“We cannot conceive of matter being formed of nothing, since things require a seed to start from… Therefore there is not anything which returns to nothing, but all things return dissolved into their elements.” -William Shakespeare
Every element found on Earth was made in either the Big Bang or the cores of stars… except these three.
When you look at the periodic table of the elements, you’re likely familiar with the fact that everything found on Earth is made up of some combination of these varied atoms, each with its own unique properties. And it’s true that the lightest of these elements — hydrogen and helium, in particular — were formed in the Big Bang, while the heavier ones — carbon and above — were formed in the interiors of stars. But if we look at the abundances of the elements in the Solar System, we find something a little weird.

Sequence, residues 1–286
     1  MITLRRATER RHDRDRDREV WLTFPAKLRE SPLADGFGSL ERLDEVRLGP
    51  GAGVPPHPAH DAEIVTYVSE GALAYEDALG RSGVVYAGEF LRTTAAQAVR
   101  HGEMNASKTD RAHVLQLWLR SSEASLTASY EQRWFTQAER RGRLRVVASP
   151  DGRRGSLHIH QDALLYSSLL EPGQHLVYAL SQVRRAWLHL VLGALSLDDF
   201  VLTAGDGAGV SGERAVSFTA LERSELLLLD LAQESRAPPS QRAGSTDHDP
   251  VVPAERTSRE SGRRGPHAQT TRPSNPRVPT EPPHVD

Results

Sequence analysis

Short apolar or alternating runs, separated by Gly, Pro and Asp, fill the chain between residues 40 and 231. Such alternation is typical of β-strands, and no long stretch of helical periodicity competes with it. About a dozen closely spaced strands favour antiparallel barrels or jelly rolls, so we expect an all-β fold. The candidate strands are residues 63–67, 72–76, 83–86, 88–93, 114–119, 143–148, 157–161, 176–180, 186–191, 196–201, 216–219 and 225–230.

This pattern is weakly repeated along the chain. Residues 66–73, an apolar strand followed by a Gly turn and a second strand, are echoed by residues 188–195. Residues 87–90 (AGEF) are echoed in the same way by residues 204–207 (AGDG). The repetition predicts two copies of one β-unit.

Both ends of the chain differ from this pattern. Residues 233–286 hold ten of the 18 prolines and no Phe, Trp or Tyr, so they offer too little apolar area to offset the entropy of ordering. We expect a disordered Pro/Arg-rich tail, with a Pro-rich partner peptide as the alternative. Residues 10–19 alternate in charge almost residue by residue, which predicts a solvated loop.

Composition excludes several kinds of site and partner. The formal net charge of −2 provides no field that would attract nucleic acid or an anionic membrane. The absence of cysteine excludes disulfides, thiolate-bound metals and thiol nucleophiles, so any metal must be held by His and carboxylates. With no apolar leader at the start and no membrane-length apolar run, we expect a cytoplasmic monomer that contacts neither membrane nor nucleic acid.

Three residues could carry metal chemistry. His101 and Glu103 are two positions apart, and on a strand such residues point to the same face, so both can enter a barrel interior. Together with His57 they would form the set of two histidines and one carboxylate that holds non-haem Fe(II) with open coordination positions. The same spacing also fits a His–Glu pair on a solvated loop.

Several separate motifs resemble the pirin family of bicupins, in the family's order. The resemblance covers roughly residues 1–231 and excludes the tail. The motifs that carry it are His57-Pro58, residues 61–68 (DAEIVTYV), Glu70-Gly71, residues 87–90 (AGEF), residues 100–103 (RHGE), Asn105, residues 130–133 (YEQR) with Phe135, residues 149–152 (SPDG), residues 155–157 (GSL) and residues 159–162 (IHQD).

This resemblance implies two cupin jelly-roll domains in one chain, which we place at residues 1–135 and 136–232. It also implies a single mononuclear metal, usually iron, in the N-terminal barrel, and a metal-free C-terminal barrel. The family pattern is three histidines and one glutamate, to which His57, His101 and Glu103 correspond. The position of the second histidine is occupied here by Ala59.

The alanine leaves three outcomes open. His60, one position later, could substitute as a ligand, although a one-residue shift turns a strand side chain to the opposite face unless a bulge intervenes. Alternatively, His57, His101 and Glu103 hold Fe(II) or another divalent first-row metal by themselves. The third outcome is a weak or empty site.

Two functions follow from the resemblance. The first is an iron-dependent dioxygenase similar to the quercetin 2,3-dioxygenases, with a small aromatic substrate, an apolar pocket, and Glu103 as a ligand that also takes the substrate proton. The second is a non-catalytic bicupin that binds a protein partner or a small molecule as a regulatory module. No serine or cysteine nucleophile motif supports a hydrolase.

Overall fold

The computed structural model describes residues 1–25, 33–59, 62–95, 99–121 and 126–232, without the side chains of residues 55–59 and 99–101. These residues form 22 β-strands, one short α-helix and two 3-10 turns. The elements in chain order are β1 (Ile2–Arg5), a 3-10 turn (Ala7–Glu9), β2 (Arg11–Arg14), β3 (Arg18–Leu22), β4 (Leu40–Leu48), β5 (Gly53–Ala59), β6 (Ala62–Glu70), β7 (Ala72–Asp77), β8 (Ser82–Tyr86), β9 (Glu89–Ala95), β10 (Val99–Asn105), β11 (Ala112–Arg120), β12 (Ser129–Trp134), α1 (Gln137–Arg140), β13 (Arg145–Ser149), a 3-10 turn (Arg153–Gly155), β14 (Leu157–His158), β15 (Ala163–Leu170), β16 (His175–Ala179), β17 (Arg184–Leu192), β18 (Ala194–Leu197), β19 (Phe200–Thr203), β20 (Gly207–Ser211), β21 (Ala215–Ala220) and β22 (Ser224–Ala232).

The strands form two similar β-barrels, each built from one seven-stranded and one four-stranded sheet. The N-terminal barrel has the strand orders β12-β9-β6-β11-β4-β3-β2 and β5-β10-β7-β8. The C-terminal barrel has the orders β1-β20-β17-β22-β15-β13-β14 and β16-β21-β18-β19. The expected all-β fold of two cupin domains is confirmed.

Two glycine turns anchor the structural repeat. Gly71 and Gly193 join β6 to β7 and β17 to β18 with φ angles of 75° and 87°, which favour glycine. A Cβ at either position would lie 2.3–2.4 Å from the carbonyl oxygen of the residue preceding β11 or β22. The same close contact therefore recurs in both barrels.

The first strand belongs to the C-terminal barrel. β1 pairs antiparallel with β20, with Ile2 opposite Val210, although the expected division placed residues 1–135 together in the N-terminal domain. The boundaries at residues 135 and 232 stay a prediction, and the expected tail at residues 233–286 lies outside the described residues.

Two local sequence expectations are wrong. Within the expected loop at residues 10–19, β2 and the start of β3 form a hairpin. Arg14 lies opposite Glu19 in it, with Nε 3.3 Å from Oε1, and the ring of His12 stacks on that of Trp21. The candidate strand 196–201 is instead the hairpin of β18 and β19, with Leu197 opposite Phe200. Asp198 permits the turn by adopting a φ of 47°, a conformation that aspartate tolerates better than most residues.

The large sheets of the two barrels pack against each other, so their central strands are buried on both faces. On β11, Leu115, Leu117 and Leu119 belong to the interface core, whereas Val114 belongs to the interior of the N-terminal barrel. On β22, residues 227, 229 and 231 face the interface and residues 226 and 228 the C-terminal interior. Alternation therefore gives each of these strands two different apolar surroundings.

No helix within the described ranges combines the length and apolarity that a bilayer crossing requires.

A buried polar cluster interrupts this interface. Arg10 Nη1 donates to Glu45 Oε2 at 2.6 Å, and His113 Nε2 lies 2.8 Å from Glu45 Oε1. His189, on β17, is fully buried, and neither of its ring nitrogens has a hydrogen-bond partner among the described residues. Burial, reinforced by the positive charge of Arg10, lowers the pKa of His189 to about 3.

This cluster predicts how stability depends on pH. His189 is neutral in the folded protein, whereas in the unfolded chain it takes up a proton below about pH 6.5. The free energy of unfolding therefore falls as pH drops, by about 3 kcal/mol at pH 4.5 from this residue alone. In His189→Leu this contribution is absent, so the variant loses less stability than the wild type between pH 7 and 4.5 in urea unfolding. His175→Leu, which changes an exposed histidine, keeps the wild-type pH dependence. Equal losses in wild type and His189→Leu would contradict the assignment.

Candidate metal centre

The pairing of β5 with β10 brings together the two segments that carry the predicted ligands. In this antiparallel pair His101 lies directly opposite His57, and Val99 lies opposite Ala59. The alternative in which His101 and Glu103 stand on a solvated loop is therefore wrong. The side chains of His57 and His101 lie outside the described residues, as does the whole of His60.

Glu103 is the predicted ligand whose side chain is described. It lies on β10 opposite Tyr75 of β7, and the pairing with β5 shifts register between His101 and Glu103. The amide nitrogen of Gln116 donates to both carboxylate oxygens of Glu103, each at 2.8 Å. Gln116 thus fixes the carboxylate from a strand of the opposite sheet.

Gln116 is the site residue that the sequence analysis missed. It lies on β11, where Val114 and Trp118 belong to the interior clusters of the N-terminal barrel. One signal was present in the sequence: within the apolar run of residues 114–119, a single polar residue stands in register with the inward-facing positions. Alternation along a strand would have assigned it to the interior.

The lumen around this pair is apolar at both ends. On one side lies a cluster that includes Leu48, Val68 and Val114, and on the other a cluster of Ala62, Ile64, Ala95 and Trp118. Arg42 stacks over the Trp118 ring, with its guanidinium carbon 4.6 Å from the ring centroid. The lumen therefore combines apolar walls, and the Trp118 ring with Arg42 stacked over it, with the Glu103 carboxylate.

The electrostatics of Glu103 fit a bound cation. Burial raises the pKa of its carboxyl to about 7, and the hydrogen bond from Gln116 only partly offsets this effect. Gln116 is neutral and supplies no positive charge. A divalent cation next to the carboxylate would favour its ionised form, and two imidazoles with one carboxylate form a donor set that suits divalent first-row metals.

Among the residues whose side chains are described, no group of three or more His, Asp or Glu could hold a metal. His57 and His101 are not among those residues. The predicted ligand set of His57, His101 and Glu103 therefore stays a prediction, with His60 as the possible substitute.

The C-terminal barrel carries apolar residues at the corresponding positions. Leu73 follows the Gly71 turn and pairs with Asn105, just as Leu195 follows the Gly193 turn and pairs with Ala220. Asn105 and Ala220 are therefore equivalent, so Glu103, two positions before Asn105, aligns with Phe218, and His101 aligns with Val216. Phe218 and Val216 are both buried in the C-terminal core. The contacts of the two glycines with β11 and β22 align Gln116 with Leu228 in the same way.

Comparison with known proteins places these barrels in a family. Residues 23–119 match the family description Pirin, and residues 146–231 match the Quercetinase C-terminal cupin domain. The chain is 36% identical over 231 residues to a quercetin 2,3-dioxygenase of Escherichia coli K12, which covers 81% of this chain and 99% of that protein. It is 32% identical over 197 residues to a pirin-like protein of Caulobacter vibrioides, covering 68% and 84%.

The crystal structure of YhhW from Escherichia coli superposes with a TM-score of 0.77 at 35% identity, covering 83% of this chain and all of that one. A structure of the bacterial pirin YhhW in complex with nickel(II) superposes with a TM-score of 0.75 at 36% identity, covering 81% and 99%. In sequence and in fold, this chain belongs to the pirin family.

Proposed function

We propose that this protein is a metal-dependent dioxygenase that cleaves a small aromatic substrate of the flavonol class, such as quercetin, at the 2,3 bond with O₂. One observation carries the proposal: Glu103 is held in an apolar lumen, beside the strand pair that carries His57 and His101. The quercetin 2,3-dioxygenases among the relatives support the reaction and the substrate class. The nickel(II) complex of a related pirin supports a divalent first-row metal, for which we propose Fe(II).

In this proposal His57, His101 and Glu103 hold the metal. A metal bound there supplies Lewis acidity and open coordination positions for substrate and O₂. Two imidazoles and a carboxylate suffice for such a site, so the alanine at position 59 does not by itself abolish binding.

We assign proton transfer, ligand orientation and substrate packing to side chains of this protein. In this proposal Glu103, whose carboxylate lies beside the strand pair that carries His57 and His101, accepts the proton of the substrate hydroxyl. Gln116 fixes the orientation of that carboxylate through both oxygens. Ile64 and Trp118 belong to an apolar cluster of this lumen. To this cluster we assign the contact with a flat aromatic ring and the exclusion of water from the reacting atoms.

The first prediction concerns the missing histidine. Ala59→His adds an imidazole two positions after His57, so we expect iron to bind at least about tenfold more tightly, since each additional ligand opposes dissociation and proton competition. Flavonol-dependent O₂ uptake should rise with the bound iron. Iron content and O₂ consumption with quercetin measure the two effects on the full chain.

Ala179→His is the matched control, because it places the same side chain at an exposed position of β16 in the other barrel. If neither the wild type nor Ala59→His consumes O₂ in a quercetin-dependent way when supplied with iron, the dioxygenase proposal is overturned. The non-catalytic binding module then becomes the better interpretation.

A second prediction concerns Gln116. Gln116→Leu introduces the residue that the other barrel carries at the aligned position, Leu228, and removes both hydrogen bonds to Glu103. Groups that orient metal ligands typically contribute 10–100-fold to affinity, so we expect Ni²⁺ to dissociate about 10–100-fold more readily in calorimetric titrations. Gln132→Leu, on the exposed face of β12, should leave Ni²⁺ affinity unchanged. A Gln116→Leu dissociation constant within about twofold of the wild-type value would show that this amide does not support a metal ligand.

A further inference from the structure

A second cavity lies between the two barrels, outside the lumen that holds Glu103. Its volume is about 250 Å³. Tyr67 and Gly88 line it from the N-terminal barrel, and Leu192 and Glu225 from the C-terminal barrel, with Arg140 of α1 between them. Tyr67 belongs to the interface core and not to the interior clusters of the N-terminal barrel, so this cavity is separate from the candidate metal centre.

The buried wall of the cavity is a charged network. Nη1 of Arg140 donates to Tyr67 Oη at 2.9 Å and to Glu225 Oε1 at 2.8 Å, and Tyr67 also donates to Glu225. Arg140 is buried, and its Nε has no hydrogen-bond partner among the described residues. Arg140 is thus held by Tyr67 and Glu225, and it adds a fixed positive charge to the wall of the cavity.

There’s a tiny — but non-zero — amount of elements #3, 4 and 5: lithium, beryllium, and boron. They’re not made in stars; in fact, they’re destroyed in stars! Where, then, do they come from? Go read the full story at Starts With A Bang on Medium and find out!